Tea Time with PB&J

I love tray bakes: simple, quick and so easy to share.

I love peanut butter: on anything, with anything, in anything.

Jar of peanut butter begging to be used. Jam emerging from back of the cupboard. Recipe earmarked from long ago. Inevitable alchemy.

Bringing this treat to Su’s Tea Party. Come join!

Tea

PB & J Bars (adapted from Fat Witch Brownies by Patricia Helding)

  • 120g flour
  • 1/4 salt
  • 1/4 tsp baking powder
  • 90g instant oats
  • 100g brown sugar
  • 125g chunky peanut butter
  • 140g butter, softened
  • 300g jam (I used a jar of St Dalfour Raspberry Jam)

  1. Line a 9in x 9in baking tray. Preheat oven to 180 degrees C.
  2. Mix together the flour, salt and baking powder, oats and brown sugar.
  3. Add the peanut butter and mix well.
  4. Add the butter, a little at a time. Mix well.
  5. Spread 2/3 of the mixture evenly in the prepared tin, using your hands to press down the dough. 
  6. Refrigerate the remaining dough.
  7. Bake for 15 minutes or until the crust starts to brown. Remove from the oven.
  8. Spread the jam gently & evenly over the hot crust.
  9. Using your hands, crumble the refrigerated remaining dough on top of the jam. This last layer will not cover the jam.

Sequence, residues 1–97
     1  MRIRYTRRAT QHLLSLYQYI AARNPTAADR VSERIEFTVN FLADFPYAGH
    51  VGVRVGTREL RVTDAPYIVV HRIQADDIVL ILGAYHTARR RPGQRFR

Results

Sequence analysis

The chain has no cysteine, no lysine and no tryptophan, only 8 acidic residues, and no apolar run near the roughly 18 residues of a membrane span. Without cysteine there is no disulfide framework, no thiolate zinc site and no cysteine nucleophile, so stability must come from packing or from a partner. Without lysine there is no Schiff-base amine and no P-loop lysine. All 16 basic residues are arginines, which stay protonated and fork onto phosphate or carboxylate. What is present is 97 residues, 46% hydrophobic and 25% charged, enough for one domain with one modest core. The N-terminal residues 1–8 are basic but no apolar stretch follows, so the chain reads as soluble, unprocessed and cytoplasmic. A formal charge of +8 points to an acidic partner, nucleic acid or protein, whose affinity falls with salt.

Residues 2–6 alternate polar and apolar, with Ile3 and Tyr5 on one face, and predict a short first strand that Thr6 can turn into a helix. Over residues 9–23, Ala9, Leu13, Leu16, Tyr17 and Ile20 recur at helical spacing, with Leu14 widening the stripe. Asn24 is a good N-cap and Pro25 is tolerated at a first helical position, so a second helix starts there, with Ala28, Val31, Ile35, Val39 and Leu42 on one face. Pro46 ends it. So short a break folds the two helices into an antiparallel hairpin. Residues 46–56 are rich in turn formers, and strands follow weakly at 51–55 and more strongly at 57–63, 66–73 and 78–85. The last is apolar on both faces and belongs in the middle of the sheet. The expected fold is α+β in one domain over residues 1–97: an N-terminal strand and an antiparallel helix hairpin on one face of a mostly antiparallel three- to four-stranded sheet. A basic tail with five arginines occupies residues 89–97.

10. Return the pan to the oven and bake for 20 minutes. The jam will be bubbly and the top golden.
  11. Remove from the oven and cool on a rack for 2 hours. Cut just before serving.

 

P/S. Sorry Betsy! I know it is still Lent. But see, not Frosting!

Minty Dark Chocolate Cupcakes: a family Speciality

My word learning this week in response to One Word Sunday: Speciality hosted by Debbie at TravelWithIntent, is the difference between speciality and specialty. I had to look several times before I could spot the difference in the spelling of the two – may I plead aging eyes coupled with an aversion to reading glasses as an excuse?

  • Speciality, could mean a pursuit/area of study/skill which one has put much time & effort into and are an expert in the area, or a branch of medicine/surgery. There are 2 roots from which it derives: Latin – specialis & Old French – especialite.